Description: Despite the enormous success of American capitalism at producing material abundance and political freedom, critics continue their assault on the system, calling it immoral. In this lecture, Dr. Eric Daniels makes the case that capitalism is the only moral social system. He also examines the conventional defense of capitalism, which relies on the practical, economic argument, and illustrates why only a defense of pure laissez-faire capitalism can succeed.

Bio: Dr. Eric Daniels is a visiting scholar at Clemson University's Institute for the Study of Capitalism. He taught for five years at Duke University, in the Program on Values and Ethics in the Marketplace, and at the University of Wisconsin, where he earned his doctorate in American history. He has lectured internationally on the history of American ethics, American business and legal history, and the American Enlightenment. Daniels's publications include a chapter in "The Abolition of Antitrust" and five entries in the "Oxford Companion to United States History."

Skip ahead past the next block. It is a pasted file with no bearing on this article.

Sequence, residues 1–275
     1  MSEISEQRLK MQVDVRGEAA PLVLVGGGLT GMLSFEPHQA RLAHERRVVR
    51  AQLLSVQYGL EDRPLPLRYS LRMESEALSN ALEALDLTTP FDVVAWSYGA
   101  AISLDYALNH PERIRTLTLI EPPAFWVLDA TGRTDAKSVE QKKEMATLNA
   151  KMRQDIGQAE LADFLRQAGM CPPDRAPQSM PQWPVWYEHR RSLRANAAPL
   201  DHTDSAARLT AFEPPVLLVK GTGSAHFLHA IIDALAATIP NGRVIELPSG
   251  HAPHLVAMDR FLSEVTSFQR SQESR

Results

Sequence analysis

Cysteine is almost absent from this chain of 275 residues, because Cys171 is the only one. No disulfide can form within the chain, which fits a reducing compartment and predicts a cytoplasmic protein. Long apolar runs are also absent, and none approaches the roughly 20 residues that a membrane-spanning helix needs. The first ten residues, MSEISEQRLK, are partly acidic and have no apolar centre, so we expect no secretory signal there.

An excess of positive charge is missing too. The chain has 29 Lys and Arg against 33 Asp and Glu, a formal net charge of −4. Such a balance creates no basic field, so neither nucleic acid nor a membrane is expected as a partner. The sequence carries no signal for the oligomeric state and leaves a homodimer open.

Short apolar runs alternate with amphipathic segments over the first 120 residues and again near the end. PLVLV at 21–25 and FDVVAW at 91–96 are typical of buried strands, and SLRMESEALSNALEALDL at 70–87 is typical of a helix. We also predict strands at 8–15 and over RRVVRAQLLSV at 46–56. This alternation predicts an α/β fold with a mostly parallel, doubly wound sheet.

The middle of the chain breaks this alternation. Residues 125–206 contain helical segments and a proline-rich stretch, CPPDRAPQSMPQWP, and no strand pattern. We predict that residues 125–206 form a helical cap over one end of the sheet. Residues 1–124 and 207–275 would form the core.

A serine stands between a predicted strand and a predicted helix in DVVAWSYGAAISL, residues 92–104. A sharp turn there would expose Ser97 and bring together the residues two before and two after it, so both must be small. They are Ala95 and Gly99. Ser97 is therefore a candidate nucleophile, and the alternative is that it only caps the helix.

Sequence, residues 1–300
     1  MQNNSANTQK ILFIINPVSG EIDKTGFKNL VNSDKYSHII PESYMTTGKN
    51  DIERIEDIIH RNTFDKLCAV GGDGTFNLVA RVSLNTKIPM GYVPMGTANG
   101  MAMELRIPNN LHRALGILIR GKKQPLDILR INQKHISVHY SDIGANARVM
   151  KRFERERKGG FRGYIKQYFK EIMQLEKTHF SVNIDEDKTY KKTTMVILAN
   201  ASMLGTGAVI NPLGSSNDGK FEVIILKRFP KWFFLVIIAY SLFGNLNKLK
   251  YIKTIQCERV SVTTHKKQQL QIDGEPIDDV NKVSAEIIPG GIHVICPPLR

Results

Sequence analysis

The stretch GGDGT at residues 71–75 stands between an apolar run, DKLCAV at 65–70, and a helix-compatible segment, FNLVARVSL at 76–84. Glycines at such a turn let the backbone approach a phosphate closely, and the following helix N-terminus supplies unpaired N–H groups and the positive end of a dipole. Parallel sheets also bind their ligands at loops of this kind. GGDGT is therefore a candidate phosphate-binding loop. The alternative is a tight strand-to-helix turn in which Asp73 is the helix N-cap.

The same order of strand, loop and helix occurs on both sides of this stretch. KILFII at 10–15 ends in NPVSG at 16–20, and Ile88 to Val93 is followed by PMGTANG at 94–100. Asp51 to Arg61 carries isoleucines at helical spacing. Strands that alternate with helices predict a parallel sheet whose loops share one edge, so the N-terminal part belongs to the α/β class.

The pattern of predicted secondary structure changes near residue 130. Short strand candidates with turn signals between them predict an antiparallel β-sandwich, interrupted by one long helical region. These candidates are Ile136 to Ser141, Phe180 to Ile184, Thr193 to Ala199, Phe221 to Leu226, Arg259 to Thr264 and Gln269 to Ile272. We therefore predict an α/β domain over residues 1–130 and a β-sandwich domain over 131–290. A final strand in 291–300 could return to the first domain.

For more information on this talk, please e-mail

### ### ###

Copyright © 2008 Ayn Rand® Institute. All rights reserved.

If you would like to know more about Dr. Daniels, he published two articles on Capitalism Magazine: Jamestown: Birthplace of America's Distinctive, Secular Ideal (a must-read for me), and The Real Threat to our Energy Supplies.

I should say, I read an article today by Bob Bidinotto, I find my head spinning on my decision to support Ron Paul. On the other hand, I still find the other candidates less palatable. If the choice is to vote for the lesser of the many evils, at this point I still see Ron Paul as the least evil.